United States

Federal Appeals Court Hearing Arguments On Nation's First Ban On Gender-Affirming Care For Minors

Arkansas is set to hear arguments over its first-in-the-nation ban on gender-affirming care for minors, as the US Supreme Court battles over restrictions on transgender youths adopted by two dozen states.

Dylan Brandt speaks at a news conference outside the federal courthouse in Little Rock, Ark., July 21, 2021. Brandt, a teenager, is among several transgender youth and families who are plaintiffs challenging a state law banning gender confirming care for trans minors. Photo: AP

A federal appeals court will hear arguments on Thursday over Arkansas' first-in-the-nation ban on gender-affirming care for minors, as the fight over the restrictions on transgender youths adopted by two dozen states moves closer to the US Supreme Court.

Arkansas is appealing a federal judge's ruling last year that struck down the state's ban as unconstitutional, the first decision to overturn such a prohibition.

The 2021 law would prohibit doctors from providing gender-affirming hormone treatment, puberty blockers or surgery to anyone under 18.

The case is going before the full 8th US Circuit Court of Appeals rather than a three-judge panel after it granted a request by Republican Attorney General Tim Griffin. The move could speed up the case's march toward the US Supreme Court, which has been asked to block similar laws in Kentucky and Tennessee.

It's unclear when the 8th Circuit will make a ruling, though one is unlikely to come immediately.

At least 24 states have adopted laws restricting or banning gender-affirming medical care for transgender minors, and most of those face lawsuits.

Judges' orders are in place temporarily blocking enforcement of the bans in Idaho and Montana. The restrictions on health care are part of a larger backlash against transgender rights, touching on everything from bathroom access to participation in sports.

US District Judge Jay Moody last year ruled that Arkansas' health care restrictions violated the due process and equal protection rights of transgender youths and families.

He also ruled that it violated the First Amendment by prohibiting doctors from referring patients elsewhere for such care. Moody had temporarily blocked the law before it could take effect in 2021.

The American Civil Liberties Union is representing the families of four transgender youths and two providers. In court filings, the ACLU called the ban a “waking nightmare” that has prompted their clients to look at moving outside Arkansas to receive the care.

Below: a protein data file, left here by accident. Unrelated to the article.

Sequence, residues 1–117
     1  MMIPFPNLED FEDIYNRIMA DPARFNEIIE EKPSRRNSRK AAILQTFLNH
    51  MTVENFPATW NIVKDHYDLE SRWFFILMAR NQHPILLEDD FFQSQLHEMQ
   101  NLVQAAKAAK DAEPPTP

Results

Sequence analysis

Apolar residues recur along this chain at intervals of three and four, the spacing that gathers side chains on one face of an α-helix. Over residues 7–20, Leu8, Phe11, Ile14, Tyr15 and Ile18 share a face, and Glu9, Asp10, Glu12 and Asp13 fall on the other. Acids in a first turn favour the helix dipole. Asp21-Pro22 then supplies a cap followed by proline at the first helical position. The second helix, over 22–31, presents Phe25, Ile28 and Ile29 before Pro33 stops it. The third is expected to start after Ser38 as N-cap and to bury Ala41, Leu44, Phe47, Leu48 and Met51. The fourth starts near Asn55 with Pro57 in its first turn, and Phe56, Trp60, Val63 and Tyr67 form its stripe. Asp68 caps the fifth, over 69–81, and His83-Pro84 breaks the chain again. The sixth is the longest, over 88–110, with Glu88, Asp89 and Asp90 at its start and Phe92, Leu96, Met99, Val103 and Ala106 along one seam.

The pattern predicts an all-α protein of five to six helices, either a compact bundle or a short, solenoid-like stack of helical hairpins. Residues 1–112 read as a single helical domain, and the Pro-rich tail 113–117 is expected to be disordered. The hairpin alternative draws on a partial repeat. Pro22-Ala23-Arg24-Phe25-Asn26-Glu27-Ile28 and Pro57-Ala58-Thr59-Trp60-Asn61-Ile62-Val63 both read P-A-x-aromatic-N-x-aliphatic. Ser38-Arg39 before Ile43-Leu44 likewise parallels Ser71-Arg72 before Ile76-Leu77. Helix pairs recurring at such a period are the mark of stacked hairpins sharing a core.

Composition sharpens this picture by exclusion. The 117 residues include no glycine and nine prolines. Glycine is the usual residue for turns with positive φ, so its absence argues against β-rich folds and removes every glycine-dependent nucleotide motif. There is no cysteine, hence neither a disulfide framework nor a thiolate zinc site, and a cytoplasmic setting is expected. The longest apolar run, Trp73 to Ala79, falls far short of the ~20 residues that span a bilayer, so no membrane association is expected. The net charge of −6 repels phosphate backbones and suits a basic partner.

The court will also hear arguments from an attorney for the Justice Department, which has also opposed the Arkansas ban.

“Despite the overwhelming evidence and expert testimony affirming the safety and effectiveness of gender-affirming care for trans youth, we find ourselves once again fighting for the basic right to access this life-saving treatment without unnecessary government interference,” Donnie Ray Saxton, the father of Parker, one of the youths challenging the ban, said in a statement released by the ACLU.

Multiple medical groups, including the American Medical Association and the American Academy of Pediatrics, have opposed Arkansas' ban and urged the 8th Circuit to uphold the decision against it.

The state has pointed to appeals court rulings allowing Alabama, Kentucky and Tennessee's bans to be enforced. Arkansas' attorneys have called the care “experimental,” a description that Moody's ruling said was refuted by decades of clinical experience and scientific research.

“The district court invented a novel new constitutional right for parents to subject their children to any sort of procedure a practitioner recommends, no matter whether the State has determined that the procedure is experimental and unsafe,” the state said in a filing late last year. “No such right exists, and the district court's contrary conclusion should be reversed.”

Arkansas' ban was enacted after the majority-GOP Legislature overrode a veto by Asa Hutchinson, the Republican governor at the time. Current Gov. Sarah Huckabee Sanders, Hutchinson's successor and also a Republican, has said she would have approved the ban and last year signed legislation making it easier to sue providers of such care for malpractice.